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Food Science and Technology is the application of science and technology to the processing, preservation, packaging, distribution, and utilization of food and food products. The field continues its growth of the last several decades. Excellent career opportunities are available to persons holding graduate degrees.

The department's curriculum offers M.S. Life Sciences and Ph.D. degree programs in Food Science and Technology. The objective of these graduate programs is to develop within the student a basic scientific understanding of foods and food processing as determined through biochemistry, chemistry, microbiology, physics, and other sciences. Food scientists extend this knowledge to the development of new products, processes, equipment, and packages; to the selection of proper raw products and ingredients; and to the direction of plant operations so that foods high in nutritive value and quality are economically produced. Food Science and Technology is the key to the conversion of raw agricultural materials into a wide variety of properly processed and preserved foods, thus contributing to the well-being, economy, standard of living, and progress of humanity.

Modern scientific and technological progress demands a multidisciplinary approach and thorough training in the basic sciences. Therefore, both the graduate and undergraduate curricula are designed to provide a broad program in the basic sciences on which to build technical competence in Food Science and Technology. The food industry has increasingly shown preference for graduates who have been educated in this type of program. Most M.S. and Ph.D. students complete an original research project and present the results as part of a thesis or dissertation.  And, all degree programs must conform to the requirements of the Graduate School.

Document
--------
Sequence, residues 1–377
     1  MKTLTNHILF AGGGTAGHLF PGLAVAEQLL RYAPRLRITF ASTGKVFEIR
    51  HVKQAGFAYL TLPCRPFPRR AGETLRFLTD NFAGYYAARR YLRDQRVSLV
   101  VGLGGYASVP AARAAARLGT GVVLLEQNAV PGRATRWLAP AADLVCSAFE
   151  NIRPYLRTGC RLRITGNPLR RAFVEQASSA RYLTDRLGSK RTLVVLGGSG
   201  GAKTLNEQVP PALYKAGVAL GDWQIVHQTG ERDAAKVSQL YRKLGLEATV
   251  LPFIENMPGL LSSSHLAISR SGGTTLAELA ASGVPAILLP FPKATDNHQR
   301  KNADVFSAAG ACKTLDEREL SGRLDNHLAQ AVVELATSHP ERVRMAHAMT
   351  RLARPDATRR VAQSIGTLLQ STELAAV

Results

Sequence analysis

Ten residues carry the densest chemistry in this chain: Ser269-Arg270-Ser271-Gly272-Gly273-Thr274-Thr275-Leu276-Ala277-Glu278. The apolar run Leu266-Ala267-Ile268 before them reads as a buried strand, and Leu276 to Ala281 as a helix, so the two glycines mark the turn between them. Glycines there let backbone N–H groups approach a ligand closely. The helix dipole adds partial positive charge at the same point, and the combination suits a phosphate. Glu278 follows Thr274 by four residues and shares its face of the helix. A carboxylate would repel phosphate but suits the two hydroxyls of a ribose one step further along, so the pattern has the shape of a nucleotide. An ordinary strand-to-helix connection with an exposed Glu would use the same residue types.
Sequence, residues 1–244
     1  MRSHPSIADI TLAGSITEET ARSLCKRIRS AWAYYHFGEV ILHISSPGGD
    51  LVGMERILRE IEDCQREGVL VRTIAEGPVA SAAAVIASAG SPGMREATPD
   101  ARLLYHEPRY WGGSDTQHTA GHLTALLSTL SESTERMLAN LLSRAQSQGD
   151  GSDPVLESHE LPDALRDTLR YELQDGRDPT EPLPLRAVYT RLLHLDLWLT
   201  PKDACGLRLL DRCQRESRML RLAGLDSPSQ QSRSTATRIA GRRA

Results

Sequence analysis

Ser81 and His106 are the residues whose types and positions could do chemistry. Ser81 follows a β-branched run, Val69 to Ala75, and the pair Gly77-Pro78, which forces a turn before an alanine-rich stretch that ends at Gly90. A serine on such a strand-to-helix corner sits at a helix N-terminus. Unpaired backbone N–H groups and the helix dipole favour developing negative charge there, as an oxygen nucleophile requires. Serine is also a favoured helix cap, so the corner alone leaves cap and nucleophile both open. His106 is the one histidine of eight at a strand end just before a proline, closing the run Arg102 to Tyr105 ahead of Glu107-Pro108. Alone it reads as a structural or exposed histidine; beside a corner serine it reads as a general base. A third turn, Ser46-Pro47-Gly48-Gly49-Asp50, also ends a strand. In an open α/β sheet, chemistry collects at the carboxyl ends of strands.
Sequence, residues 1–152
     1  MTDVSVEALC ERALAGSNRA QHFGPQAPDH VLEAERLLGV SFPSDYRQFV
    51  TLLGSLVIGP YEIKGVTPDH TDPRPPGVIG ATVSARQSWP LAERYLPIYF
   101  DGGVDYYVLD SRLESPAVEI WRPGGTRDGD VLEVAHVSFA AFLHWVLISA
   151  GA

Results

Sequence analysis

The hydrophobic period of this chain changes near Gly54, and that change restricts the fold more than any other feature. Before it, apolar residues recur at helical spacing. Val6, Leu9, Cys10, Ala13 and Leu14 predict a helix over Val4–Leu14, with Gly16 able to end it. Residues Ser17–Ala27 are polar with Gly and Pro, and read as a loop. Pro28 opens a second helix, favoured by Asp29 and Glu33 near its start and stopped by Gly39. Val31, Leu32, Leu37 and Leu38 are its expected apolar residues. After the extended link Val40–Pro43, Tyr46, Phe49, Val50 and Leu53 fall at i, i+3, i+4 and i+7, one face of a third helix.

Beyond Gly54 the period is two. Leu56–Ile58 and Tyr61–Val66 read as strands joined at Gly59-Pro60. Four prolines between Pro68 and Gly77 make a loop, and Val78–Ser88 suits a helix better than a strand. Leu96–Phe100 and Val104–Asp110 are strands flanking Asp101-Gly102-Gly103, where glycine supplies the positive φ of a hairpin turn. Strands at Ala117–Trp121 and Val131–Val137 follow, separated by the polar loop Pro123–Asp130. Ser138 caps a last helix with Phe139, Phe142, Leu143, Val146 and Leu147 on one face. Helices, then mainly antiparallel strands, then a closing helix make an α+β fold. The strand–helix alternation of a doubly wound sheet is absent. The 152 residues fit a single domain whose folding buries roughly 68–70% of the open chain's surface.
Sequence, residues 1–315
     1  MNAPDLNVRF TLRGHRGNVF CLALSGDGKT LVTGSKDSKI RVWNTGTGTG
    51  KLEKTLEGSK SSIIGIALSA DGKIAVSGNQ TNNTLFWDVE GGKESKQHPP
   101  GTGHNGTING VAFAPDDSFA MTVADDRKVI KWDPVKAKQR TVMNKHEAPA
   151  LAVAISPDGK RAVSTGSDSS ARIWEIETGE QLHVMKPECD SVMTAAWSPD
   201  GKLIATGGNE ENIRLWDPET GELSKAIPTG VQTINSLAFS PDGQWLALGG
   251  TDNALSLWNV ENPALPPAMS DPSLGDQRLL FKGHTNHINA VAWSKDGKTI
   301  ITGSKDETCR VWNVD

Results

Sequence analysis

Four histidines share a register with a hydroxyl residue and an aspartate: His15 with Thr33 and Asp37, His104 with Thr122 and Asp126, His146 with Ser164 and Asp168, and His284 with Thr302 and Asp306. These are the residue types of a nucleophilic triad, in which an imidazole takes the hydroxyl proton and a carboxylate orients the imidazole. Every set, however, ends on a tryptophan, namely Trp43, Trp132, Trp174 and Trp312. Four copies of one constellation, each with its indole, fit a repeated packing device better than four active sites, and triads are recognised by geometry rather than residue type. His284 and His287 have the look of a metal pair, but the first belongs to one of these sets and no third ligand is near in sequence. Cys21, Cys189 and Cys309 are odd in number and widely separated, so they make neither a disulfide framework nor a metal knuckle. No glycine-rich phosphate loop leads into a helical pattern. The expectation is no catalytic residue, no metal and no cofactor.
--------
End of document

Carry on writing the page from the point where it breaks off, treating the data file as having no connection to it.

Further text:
Information for Applicants to the Graduate Program:

The Department of Food Science and Technology suggests that you submit your application at least six months before the semester you wish to start. Our deadlines are May 1 (domestic) or April 1 (international) for fall semester admission, and October 1 (domestic and international) for spring semester admission. Applications, including recommendation letters and transcript copies, should be submitted online. Submission of application materials on paper or providing copies on paper will delay the review of your application. 

Our application requirements are the same as those required by the Graduate School, except we want you to take the GRE test, whereas the Graduate School dropped this as a universal requirement.  For the GRE, we expect you to earn at least 153 on the verbal portion and at least 150 on the quantitative part.  (These scores are equivalent to 500 (verbal) and 600 (quantitative) on the previous scoring scale.)  We evaluate an applicants' information as a package (grade point average (GPA), courses completed (from transcripts), GRE score, recommendation letters, personal statement, resume, and TOEFL or IELTS score for international applicants).  Additionally, please consider:

  • A 3.0 undergraduate GPA is required and certainly a higher grade point average is preferred. 
  • Many of our graduate students were not undergraduates in food science, and were likely to have another major such as biology, chemistry, animal science, or human nutrition.  We expect you to have background courses in biology, general microbiology, organic chemistry, physics, biochemistry, and statistics.  Applicants who do not have a degree in food science will be expected to enroll in food chemistry, food processing, and, in some cases, food microbiology courses as a graduate student.
  • Applicants need 3 recommendation letters, but only 2 are required for Virginia Tech undergraduates.
  • Applicants for the doctoral program should have a master’s degree, or will likely be expected to earn a master’s degree prior to their doctoral program.